I loved Devi. Loved her. She was fucking tough as nails. The only time I thought she made a stupid was when she went to a Paradoxian noble for help after everything she had learned about the conspiracy with the phantoms. I swear, her Paradoxian loyalty will be the death of her. Thankfully, things quickly worked out. It was amazing to watch Devi make like a contortionist and pull a Houdini. Go, Devi!

I still don’t really care for Rupert, but I admit he’s growing on me. It helped that Devi immediately stopped being a lovestruck fool when her memory was restored and gave the bastard some deserved asskicking in more than one way.

Mabel being a warrior was a surprise because I should have seen it coming. I knew there was more to that overly cheery, super-competent mechanic. Nevertheless, she still remained an enigma like her cat. In book 1, I learned about Nova and Hyrek. In book 2, I learned about Basil, Ren, Caldswell, and Brenton. Now I understand why Basil is so perpetually cranky. Everything about Ren was tragic all around, and I was grateful the action-packed plot saved me from dwelling on the matter, along with all the other sad matters.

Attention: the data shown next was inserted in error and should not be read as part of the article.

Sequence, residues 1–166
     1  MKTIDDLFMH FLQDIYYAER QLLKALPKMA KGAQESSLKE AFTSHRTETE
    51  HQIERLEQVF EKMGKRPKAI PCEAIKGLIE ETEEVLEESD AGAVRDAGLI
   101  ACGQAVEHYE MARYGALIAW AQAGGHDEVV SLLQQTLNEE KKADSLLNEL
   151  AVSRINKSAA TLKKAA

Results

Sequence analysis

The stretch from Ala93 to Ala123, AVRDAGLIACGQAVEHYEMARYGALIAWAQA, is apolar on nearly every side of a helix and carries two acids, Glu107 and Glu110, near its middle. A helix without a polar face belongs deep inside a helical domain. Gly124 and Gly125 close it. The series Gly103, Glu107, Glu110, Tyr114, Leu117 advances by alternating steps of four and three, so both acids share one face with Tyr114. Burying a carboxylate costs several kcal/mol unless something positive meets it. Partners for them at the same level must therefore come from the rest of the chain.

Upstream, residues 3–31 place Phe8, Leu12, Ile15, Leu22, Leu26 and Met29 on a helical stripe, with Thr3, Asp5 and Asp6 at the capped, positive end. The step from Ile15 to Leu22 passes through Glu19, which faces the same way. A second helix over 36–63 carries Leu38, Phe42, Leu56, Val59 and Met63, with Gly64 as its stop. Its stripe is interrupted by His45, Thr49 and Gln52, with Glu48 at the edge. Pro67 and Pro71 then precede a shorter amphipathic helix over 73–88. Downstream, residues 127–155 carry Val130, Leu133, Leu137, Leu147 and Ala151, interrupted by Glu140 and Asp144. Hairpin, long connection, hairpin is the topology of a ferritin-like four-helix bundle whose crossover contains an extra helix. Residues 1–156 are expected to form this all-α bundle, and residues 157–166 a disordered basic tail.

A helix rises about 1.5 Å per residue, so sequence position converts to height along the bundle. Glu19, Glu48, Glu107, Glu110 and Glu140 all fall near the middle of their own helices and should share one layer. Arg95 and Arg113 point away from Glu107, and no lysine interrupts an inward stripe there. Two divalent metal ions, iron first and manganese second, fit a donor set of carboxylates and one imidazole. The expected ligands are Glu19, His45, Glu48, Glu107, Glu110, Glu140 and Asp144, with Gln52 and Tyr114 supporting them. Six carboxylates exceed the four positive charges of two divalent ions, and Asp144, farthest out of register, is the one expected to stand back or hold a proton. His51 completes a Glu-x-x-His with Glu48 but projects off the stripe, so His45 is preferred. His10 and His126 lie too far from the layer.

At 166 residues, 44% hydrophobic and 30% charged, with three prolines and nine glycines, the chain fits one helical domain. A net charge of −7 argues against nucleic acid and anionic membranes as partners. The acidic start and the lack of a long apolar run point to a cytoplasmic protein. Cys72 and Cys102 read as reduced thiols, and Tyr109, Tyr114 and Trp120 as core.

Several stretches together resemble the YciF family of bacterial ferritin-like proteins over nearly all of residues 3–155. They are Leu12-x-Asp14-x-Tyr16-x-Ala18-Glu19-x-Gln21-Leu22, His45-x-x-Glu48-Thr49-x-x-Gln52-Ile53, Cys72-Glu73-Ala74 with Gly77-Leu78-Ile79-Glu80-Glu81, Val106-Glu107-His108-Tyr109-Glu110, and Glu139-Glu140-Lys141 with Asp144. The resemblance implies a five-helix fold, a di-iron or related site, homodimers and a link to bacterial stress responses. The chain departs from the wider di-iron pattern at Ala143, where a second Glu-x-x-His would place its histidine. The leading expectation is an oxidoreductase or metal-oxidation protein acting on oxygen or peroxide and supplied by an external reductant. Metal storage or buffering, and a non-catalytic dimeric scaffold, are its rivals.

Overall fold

With Caldswell and Brenton, I couldn’t keep from thinking one was the bad guy and one was the good guy. It took me a while to learn that no matter how much I learned about these characters, I wasn’t going to ever get the “full story.” That for all my attempts to judge them and play god, I couldn’t. It didn’t feel right. Matters were so gray. Even loony Maat was sympathetic, and I trust her as far I could throw an elephant.

The only characters that didn’t have my sympathy were the war-loving, man-eating, slave-owning xith’cal race. I cannot imagine in any way they would be misunderstood.